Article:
To begin, each student gets a copy of Caren's Problem. We'll read the first page on Prerequisite Physics Knowledge together.
Since this lesson is steeped in the context of 1-Dimensional Motion and Physics, I'll need to do some work to make sure students are comfortable with the concepts.
First I explain what is meant by 1-D motion. I draw a number line all the way across the whiteboard, clearly indicating the positive side and negative side. Then I explain that we will be considering only motion back and forth along that axis. So (as I walk out away from the board) even if I am walking diagonally, we are only concerned with how my position on the number line changes, not how far I am from the wall.
Next I distinguish speed from velocity. I demonstrate as I run in the positive direction that my velocity, say 100 mph (because it sounds cool) is positive. Then I turn around and run in the other direction at the same speed and explain that now my velocity is -100 mph. Repeating the same scenario, I explain how my speed does not change. It is 100 mph regardless of the direction.
Next I develop the concept of acceleration. I'll start by running in the positive direction, supposedly going 50 mph. Then I'll indicate that I'll be running faster. Therefore my velocity will be increasing from 50 mph to, say, 75 mph. That's a positive acceleration.
Then I act like I'm running 50 mph in the negative direction and ask, "What will happen to my velocity if I start to run faster?" Eventually, we discuss that my velocity will go from -50 mph to -75, for example, which means that my velocity is actually decreasing. That's a negative acceleration.
Then I generalize by asking students to imagine the direction of the force needed to make the change in velocity in order to know if the velocity will increase or decrease. If I am going forward and want to speed up, I'll need a force going in the same direction as I am (positive). If I am going in the negative direction and want to speed up, I'll need a force that is also pointing in the negative direction, so velocity will decrease. Likewise if I'm going in the negative direction and decide to slow down, I'll need a braking force that is acting in the positive direction...so velocity will be increasing.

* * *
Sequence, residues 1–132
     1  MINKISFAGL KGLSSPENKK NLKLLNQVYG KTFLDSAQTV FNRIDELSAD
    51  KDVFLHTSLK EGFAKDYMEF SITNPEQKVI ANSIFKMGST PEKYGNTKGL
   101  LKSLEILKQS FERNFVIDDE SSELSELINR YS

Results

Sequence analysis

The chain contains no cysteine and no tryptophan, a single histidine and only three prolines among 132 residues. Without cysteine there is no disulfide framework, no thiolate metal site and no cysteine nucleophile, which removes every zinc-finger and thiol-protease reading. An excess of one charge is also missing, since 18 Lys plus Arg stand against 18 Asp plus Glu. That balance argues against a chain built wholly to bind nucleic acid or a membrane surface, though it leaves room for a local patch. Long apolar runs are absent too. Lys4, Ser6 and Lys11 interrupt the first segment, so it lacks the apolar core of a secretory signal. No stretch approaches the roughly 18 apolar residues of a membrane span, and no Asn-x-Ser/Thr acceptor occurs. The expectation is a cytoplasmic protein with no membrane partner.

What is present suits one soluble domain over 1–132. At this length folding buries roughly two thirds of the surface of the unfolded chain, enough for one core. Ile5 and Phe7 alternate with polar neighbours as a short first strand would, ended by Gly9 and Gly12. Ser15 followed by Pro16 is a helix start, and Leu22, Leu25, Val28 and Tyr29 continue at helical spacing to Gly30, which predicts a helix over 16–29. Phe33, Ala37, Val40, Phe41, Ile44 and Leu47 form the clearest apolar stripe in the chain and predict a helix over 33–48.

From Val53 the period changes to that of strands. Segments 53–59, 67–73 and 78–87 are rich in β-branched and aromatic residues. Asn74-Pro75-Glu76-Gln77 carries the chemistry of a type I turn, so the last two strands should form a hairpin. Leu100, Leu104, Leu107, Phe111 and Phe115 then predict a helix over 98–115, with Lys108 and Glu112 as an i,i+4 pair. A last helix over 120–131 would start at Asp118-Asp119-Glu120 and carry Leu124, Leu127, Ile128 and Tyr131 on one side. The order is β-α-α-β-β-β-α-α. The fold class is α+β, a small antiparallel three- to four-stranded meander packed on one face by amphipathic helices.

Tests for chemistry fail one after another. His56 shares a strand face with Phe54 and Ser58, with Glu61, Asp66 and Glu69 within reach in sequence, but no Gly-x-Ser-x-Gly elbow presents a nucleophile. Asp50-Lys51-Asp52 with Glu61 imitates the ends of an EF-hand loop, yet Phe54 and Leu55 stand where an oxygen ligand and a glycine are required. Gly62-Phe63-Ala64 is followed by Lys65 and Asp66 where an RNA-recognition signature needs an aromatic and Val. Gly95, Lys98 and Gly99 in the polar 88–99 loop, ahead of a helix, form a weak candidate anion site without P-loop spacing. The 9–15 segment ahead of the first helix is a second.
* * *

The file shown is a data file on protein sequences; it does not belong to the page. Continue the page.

So on this type of thing goes with me acting out various scenarios based on what I can tell students are not understanding.
After the physical demonstrations, it's time to see if students grasp the concepts. Working on the second page of Caren's Problem, I'll pose the question, #1 for example, then give students a minute or two to write their own answer and discuss with a partner. Then I'll show and discuss the answer. We continue in the fashion until we complete #6. Then I give students 5 minutes to craft a response to #7, letting them know beforehand that someone else, possibly the whole class will be seeing and/or hearing what they wrote. After that, I have students switch papers to read each other's writing and I also call a few non-volunteers randomly to come to the document camera and show/read what they wrote.
At last it's on to the final page of Caren's Problem, where students actually get to use some Geometry. This section is meant to be student-centered, self-directed so I allow the students to go through it as I go around coaching, clarifying, and giving feedback.
When I can see that most students are nearly completing #8, I'll stop the class to make sure they have a solid understanding of integrals (as solid as is needed for this lesson). I'll want to play up the idea of unit analysis as that is one of the major math practices in this section. Once I feel confident that students are understanding what the areas under the curve mean, I will back off and let them finish problems 9a - 9d. There is some problem solving they need to do, especially on 9d, so I give that process time to happen, resisting the temptation to jump in and give answers.
When there are about 20 minutes remaining in class, I'll announce that students are free to move around the classroom to consult with classmates. I explain that everyone will need to be prepared to explain 9a through 9d in case they are called up to explain. I tell them that they'll have 10 minutes to get prepared and then I start the clock.
At the end of the 10 minutes, I'll select 4 students at random to come to the document camera and explain 9a through 9d.